Note, too, that your Social Security benefits could be taxable if your income exceeds certain limits. For example, if your total income exceeds $32,000 for couples or $25,000 for singles, you may have to pay taxes on it.
Ways to Save on Taxes
First, if you’ve reached the age for RMDs, don’t ignore them, or you’ll face a substantial tax penalty. Try to get a close estimate of how much money you’re likely to need to cover the taxes on any required minimum distributions and figure out where the money is going to come from.
The amount of penalty tax you will pay if you fail to take required minimum distributions. As of year 2020 this age is 72. Prior to that it was 70.5 years old.
That could mean withdrawing more from your retirement accounts to cover the tax or taking money from non-retirement accounts, which might be taxed at a lower rate. The former is taxed as ordinary income, while the latter may be taxed at more favorable, long-term capital gains rates. If this is unfamiliar territory for you, you might want to enlist the services of an accountant or a financial planner to run some different scenarios.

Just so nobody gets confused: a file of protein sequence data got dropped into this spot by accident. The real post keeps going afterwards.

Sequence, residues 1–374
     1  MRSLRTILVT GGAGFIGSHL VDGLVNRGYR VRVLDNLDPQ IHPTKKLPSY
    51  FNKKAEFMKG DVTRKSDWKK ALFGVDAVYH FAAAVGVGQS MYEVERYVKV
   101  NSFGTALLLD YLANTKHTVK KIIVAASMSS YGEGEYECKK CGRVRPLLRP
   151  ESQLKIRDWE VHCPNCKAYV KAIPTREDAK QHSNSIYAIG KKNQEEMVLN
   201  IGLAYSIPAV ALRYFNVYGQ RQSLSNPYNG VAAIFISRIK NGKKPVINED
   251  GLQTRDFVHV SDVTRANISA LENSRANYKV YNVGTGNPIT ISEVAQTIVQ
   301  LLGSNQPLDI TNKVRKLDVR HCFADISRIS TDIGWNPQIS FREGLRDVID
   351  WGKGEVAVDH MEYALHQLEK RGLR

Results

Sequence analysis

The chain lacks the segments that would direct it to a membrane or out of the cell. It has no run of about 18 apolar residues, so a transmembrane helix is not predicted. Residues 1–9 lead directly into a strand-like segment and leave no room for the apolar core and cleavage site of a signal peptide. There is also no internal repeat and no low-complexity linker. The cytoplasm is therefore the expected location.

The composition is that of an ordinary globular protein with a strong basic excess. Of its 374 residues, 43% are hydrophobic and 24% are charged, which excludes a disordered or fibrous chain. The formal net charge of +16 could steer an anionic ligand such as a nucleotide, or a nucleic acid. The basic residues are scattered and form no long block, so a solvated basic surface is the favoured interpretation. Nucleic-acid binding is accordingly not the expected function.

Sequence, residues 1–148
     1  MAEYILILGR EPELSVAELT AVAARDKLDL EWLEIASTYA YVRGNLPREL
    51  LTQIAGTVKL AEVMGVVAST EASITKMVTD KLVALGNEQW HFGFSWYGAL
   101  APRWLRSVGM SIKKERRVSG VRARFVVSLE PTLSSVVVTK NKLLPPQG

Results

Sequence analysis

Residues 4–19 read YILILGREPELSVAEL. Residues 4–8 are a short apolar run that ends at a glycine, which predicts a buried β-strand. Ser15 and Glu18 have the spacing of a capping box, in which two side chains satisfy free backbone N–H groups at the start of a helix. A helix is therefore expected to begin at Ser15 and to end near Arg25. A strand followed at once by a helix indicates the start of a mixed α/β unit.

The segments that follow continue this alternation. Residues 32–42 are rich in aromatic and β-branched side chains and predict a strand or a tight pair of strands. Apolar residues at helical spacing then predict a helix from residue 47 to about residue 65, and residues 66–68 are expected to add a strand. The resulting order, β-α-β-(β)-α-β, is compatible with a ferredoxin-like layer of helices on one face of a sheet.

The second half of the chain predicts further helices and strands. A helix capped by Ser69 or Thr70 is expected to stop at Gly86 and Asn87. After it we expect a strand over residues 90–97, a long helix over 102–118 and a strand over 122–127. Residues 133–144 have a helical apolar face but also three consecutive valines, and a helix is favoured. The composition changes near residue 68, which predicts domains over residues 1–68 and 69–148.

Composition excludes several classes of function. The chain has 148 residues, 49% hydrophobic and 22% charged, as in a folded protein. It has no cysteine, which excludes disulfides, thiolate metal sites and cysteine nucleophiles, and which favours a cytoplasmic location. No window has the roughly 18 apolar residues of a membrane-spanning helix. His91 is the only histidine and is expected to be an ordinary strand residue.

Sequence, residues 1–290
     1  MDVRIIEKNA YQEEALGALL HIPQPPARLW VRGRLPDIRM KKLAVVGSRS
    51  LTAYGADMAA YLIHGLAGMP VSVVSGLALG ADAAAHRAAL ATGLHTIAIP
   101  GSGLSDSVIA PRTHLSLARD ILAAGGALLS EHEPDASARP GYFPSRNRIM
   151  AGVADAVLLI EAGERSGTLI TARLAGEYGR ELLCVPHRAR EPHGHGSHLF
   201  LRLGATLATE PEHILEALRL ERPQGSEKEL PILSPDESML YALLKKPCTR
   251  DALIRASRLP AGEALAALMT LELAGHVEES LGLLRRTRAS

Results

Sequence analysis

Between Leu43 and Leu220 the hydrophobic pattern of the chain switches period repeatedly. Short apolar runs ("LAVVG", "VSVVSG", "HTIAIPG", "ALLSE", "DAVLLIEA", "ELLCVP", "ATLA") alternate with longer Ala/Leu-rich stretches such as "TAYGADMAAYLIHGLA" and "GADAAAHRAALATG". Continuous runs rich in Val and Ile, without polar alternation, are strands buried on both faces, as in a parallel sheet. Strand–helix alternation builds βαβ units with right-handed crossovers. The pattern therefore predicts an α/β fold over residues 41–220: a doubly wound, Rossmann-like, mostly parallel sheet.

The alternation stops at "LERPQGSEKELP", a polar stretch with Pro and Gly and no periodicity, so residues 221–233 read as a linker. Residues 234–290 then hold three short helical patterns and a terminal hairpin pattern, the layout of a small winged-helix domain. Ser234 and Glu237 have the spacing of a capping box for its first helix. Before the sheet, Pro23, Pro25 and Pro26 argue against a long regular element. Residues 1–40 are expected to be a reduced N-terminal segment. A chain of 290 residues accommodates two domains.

Also, find out whether being of retirement age entitles you to any special breaks on property taxes where you live. You can’t assume you’ll just get them automatically, as your local tax assessor probably has no idea how old you are. The website for your state tax department is a good place to start.